Film review: Dark Harvest

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Film poster for Dark Harvest.

Harvest Festival: Fantasy horror Dark Harvest re-visited.

As the year comes to a close, I like to look back through some of 2023’s less-recognised films, to see if there are any that merit further attention.

Step forward October’s Dark Harvest, a little sleeper that made several ‘Horror Films of the Year’ lists but very little general notice in the horror community. So what’s my case for a fresh look at Dark Harvest?

An older boy with a Halloween face mask pulled on top of his head stands in a field and looks off into the distance. Still from Dark Harvest.

Firstly, this is a very solid creature horror film.

From The Ring to The Blair Witch Project to Jeepers Creepers to The Grudge, this sub-genre requires three things; a setting, a monster, and a mythology to bind them together.

In terms of setting, Dark Harvest gives us an unnamed provincial American town in 1962. It’s framed as the ‘U.S. Everytown’ of the time: it has a football team, diners, drive-ins, and pageants.

It also has a monster: Sawtooth Jack, a deranged supernatural scarecrow who will rise from the cornfields every Halloween, and race for the town church. If he reaches it, the town will be cursed for the next decade; crops will fail to grow, and a dark misery will descend upon the residents.

All sounds pretty familiar, right?

A tall lanky creature is silhouetted with a room completely engulfed in flams. Words are written on the walls behind it. Still from Dark Harvest.

But Dark Harvest is a sly little fellow.

Whilst it goes to great lengths to convince us that it is a very standard creature horror – giving us a range of familiar character stereotypes, from the bombastic Town Mayor to the aggressively macho Chief of Police, to the racist Jocks, to the thoughtful moody protagonist – it proceeds to subvert a lot of our expectations.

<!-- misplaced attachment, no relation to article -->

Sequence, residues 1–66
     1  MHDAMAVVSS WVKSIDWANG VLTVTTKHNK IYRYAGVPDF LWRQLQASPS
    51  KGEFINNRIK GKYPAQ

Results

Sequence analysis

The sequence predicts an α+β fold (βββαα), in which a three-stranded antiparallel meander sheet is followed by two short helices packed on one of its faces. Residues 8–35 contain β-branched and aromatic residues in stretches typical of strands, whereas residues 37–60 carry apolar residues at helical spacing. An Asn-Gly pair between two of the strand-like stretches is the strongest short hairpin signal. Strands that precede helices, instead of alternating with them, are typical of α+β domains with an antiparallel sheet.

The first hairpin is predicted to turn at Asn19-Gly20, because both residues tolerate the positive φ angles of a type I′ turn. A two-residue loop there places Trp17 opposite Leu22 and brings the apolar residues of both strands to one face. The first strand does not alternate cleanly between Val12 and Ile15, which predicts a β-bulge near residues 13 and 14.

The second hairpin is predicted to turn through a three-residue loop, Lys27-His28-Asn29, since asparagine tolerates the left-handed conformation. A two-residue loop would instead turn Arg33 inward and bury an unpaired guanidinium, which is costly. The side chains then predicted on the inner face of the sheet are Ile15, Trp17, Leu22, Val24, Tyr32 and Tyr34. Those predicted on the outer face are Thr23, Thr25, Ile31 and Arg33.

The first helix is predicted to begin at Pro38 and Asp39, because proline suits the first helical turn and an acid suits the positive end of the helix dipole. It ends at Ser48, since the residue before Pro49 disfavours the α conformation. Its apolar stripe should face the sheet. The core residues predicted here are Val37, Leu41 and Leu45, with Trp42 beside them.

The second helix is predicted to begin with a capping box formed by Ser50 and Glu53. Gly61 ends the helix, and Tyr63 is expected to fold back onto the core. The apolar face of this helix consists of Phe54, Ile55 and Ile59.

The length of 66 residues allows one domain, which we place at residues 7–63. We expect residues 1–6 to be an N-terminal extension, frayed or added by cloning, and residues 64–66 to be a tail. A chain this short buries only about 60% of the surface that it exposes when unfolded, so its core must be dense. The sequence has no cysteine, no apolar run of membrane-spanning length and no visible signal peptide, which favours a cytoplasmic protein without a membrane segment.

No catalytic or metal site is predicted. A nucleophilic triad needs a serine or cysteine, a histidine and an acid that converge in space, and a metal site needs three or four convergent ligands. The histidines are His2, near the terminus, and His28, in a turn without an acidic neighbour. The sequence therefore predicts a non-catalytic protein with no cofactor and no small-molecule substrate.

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For a start – in contrast to most horror films – everyone believes in the mythology. There are no sceptics about Sawtooth Jack. Everyone accepts he’s real, everyone agrees he must be stopped, and there is even an annual ritual devoted to the event ‘The Run’.

There are firm rules leading up to the big night: all the town’s young men are confined to their rooms and starved, to ramp up their aggression. On Halloween night, only they will be allowed out on the streets, with whatever improvised weapons they can find, and with only one purpose: Kill Sawtooth Jack by any means.

A close up of the unnatural looking face of the creature from Dark Harvest.

There are rewards, too: the young man who successfully slays Sawtooth Jack receives a monetary prize and the adulation of the town. With this aspect of ritualised violence, sanctioned by society, Dark Harvest gives a nod to folk horrors like The Wicker Man and Midsommar.

And there is more subversion of classic tropes to come: the mythology of Sawtooth Jack that is accepted by the townsfolk as sacrosanct is a lie.

And the truth that sits behind it is far darker than a supernatural scarecrow.

A man wearing a skeleton mask stands in a field, holding a pitchfork. Still from Dark Harvest.

Dark Harvest was released on Friday 13th October 2023, which augured well for a Halloween supernatural horror film. It is currently available on Amazon Prime.

Critical and commercial response has been quietly positive, with IMDB giving it 5.5 out of 10.

Hint: keep watching after the credits start rolling if you want to catch the film’s final twist.

We’ll survive if we all just stick together!

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